robotics research paper in 2011 suggested that robots could examine the shapes of specific manhole covers and use them to calculate their geographic position, as a double-check on GPS data. The manufacturing process for a metal manhole covers consists of six steps: The European norm EN 124 of 1994 applies to manhole and gully tops with a clear opening up to 1 m for areas subjected to pedestrian or vehicular traffic (covers with a clear opening over 1 m are specified in the British Standard BS9124 for example). EN 124 specifies several weight classes depending on the application and is also being used in some countries outside the European Union.
The heaviest F900 class manhole cover would typically be used in docks, airports and other extreme heavy-duty applications. EN 124 does not apply for gratings of prefabricated drainage channels (according to EN 1433) or floor and roof gullies in buildings (specified in EN 1253-1). The Fabricated Access Covers Trade Association (FACTA) provides its own specification which came into effect in 2013.
9 best robot lawnmowers
If you groan every time you remember the grass needs cutting, then it may be time to consider a robotic mower.
Other good news (for the environment anyway) is that all robotic mowers are mulching, meaning they cut up the grass into fine clippings and scatter them back on the lawn to feed the soil with nutrients. When buying a robotic mower, make sure it’s suitable for the size and shape of your garden - remembering that some of the more expensive ones are really only worth it if you have a big plot.
But it does take a whopping 16 hours to charge up again, so make sure you plan ahead. Buy now This one copes with huge plots of up to 4000 square metres (equivalent to half a football pitch) even when the grass is wet, plus you can communicate with it wirelessly using your smartphone.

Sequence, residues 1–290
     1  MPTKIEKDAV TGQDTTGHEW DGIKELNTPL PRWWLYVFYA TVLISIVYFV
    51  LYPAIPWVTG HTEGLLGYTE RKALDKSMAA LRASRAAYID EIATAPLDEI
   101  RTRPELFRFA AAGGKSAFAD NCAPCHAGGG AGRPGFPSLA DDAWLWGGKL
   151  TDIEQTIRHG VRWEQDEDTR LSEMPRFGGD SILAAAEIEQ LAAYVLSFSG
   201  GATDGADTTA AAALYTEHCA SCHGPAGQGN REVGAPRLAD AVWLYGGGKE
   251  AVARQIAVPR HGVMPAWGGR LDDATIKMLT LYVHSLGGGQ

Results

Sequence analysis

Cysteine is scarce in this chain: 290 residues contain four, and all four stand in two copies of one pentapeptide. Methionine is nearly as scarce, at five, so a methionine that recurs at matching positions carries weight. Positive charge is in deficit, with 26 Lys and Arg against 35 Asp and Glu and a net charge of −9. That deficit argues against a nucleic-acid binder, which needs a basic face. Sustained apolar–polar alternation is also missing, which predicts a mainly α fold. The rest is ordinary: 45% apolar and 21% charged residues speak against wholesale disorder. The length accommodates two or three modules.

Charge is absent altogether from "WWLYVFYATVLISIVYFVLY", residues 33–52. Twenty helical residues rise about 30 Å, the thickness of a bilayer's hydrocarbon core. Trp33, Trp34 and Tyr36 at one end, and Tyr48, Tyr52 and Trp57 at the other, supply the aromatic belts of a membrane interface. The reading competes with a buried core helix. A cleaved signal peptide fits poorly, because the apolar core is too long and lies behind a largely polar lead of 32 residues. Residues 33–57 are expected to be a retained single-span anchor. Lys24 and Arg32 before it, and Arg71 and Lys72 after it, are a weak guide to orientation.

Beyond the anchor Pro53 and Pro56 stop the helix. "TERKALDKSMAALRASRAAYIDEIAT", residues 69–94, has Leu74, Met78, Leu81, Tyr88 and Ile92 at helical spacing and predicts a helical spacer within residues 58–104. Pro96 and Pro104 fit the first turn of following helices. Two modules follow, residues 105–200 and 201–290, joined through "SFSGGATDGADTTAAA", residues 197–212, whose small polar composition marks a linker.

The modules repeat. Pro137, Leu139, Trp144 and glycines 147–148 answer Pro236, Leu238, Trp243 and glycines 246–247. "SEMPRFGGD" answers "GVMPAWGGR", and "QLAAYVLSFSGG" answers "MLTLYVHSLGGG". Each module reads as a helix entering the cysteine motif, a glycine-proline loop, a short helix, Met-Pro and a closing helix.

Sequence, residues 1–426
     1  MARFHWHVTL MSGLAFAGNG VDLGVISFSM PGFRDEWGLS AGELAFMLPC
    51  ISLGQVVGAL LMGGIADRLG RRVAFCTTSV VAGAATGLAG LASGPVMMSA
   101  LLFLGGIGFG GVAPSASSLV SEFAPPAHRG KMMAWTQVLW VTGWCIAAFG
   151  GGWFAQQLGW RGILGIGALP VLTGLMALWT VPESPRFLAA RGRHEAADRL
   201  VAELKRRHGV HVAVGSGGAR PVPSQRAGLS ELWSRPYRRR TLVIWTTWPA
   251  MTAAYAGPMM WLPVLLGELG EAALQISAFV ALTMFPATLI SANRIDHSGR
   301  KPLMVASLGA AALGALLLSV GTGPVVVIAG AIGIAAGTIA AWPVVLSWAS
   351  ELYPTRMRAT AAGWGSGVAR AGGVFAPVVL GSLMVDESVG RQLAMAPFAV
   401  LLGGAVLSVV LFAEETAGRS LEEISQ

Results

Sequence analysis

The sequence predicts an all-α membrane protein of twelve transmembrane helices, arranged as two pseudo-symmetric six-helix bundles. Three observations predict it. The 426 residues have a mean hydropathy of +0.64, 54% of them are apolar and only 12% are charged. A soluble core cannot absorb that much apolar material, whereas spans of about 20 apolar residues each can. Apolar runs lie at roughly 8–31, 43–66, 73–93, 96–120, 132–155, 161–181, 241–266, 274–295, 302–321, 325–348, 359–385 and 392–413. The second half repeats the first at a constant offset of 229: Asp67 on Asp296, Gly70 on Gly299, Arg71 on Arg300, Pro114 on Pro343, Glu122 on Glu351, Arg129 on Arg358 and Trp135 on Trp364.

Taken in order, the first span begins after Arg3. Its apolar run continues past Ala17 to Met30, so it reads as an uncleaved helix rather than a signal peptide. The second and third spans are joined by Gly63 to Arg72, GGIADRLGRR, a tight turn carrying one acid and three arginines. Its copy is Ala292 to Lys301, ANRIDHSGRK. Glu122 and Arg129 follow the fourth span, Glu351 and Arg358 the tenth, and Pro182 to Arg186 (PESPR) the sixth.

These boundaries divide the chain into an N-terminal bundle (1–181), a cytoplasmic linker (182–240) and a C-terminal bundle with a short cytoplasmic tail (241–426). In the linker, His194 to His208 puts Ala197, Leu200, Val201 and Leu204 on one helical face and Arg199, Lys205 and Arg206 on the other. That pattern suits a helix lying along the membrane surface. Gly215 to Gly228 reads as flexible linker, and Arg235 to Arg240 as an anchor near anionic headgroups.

Unlike many other robotic mowers that work in random patterns, this one does its job in consecutive rows so that no spot is missed, though it won’t leave stripes. Buy now Although this can be controlled by a smartphone or tablet, you’ll probably prefer to control it via the easy-to-use control panel, not only because of its bright LCD display, but because it can be removed from the machine, which is great for avoiding a bad back.
Buy now The racing car of the robotic mower world (it even looks like one), this is excellent for complicated lawns, including obstacles, narrow passages, bumpy terrain and slopes of up to 45 per cent – and it works well in the rain too.
This robo mower can also cope with bigger gardens better than the cheaper models in this round-up (of up to 600 square metres) and if that’s still not big enough for your needs, then there’s an advanced version (ROB R1000) to cover 1000 square metres.
Installation is fairly simple, with a barely perceptible 1mm wire placed around the perimeter of the lawn, and then down the middle – the latter position acting as a beacon for when the machine automatically returns to the docking station, either after a completed cut or when it needs recharging.
- On Wednesday, September 18, 2019